To a legal scholar, a ban for a particular offense can seem too much a matter of one-size-fits-all – and regulated death sentencing ensures, if not an error-free process, at least an unusually careful and deliberate one. The Court’s most recent opinion took the first approach to cases of child rape. Obama said that he would have taken the second route. The advantage of this, as he explained, is that it allows capital punishment to be imposed, or not, on the merits of each individual case. … 

Not only are these choices impossible to fix on the left-right spectrum, they also are the kind of fundamental choices about the rule and role of law that legal scholars tend to make and then stick with until an especially strong argument persuades them otherwise. 

Here’s the kicker: Huigens admits he is speculating on Obama’s thought processes – meaning he has no idea whether Obama’s opposition to the high court’s ruling was based on legal analysis or political expediency. Then he adds: “the anti-intellectualism of his opponents … makes it politically dangerous to explain complex issues in complex ways.”  

Perhaps. But it is also possible to think George W. Bush’s C-average is not “a good thing” while thinking that affirmative action is not a good thing, either. Which brings to mind this recent Dinesh D’Souza column about the quality of Michelle Obama’s undergraduate thesis: 

Michelle Obama is part of the affirmative action generation of above-average but far-from-stellar performers who were granted preferential admission to America’s most elite institutions.   Michelle notes that she graduated with honors in her major. …

You might expect that she wrote about Shakespeare’s sonnets or the political evolution of W.E.B. Du Bois. Well, no. Essentially Michelle Obama wrote about the problems of being a black woman at an Ivy League university.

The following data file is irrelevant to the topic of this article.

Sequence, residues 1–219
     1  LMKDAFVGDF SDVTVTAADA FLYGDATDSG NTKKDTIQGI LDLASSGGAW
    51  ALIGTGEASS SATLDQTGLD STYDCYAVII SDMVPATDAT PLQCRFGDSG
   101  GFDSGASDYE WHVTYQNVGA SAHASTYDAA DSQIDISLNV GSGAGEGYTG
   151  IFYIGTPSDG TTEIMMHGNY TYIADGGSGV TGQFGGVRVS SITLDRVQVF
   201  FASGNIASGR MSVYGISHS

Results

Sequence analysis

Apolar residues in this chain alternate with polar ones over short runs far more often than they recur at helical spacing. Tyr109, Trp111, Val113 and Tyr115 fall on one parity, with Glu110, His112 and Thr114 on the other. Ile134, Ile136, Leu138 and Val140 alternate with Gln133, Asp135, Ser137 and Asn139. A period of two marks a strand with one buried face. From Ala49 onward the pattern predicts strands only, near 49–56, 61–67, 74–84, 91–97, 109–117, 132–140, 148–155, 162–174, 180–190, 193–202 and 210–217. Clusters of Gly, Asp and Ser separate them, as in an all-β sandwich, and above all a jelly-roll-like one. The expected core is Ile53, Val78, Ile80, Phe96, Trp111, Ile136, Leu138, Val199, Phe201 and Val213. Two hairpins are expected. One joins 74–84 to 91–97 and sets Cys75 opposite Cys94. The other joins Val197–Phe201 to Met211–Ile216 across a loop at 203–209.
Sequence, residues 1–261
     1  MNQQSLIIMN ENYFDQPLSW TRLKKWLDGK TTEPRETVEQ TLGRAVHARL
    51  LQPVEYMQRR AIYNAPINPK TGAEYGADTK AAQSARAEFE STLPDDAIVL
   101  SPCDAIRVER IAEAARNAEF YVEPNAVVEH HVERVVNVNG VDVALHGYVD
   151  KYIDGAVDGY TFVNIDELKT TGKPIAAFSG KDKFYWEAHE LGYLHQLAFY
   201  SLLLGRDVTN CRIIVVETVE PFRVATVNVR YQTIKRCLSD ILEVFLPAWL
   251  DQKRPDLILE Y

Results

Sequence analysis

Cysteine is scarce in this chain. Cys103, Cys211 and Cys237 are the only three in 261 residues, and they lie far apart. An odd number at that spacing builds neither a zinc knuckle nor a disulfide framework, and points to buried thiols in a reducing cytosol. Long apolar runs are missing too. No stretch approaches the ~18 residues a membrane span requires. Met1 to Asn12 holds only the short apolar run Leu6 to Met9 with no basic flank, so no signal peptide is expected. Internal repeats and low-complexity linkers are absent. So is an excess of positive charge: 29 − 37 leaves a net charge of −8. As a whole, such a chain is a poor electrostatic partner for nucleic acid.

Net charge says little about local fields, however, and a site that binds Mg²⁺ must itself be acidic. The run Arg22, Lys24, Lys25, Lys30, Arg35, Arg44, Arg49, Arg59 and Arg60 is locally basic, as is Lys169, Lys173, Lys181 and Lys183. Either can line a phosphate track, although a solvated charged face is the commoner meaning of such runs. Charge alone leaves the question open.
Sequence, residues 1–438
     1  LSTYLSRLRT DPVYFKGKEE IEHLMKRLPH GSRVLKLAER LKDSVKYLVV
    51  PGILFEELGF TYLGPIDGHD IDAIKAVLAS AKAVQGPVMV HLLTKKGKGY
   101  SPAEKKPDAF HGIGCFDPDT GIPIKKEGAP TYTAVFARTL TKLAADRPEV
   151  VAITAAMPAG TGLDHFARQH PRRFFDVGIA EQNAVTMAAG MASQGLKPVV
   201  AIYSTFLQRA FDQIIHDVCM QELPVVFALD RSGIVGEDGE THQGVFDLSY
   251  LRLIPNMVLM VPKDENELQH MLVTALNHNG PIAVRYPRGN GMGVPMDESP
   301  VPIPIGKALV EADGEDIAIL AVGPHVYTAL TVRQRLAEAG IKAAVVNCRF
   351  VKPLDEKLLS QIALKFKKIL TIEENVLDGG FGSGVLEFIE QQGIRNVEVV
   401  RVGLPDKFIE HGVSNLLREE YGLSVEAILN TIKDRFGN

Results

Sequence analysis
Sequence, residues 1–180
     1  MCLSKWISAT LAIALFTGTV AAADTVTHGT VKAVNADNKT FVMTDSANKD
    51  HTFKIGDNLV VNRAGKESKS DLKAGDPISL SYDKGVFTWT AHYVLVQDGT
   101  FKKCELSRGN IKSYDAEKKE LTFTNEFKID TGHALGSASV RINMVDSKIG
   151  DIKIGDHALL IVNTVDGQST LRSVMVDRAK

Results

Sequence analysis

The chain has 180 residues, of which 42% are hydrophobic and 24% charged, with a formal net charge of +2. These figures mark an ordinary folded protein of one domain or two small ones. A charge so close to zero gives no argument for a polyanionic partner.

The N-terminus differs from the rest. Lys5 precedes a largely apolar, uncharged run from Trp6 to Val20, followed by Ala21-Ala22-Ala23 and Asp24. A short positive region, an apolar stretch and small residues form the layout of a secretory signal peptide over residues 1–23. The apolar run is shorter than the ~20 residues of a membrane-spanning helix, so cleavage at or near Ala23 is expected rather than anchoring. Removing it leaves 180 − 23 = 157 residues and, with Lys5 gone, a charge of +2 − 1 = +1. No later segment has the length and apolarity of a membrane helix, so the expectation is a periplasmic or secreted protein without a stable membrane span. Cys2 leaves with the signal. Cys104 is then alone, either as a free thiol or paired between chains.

Here is a typical passage: “By actually working with the Black lower class or within their communities as a result of their ideologies, a separationist may better understand the desparation of their situation and feel more hopeless about a resolution as opposed to an integrationist who is ignorant to their plight.” 

Alas, the grammar is all wrong here. More than once, the tenses are garbled. People are ignorant “of” the plight of the lower class, not ignorant “to” their plight.  And “desperation” should be spelled “desperation.” To wreak so much havoc on the English language in one sentence, without conveying anything of substance, is perhaps deserving of a prize. Is this what her professors were thinking when they granted her honors?  

“[T]hese are not mere typos,” D’Souza writes, “they reflect an estranged relationship to the English language.”  

The Obamas also have an estranged relationship with humor and satire – and their supporters (or “Obamorons,” as D’Souza has dubbed them) appear to have an estranged relationship with reality.

Note: The Stiletto writes about politics and other stuff at The Stiletto Blog, chosen an Official Honoree in the Political Blogs category by the judges of the 12th Annual Webby Awards (the Oscars of the online universe) along with CNN Political Ticker, Swampland (Time magazine) and The Caucus (The New York Times).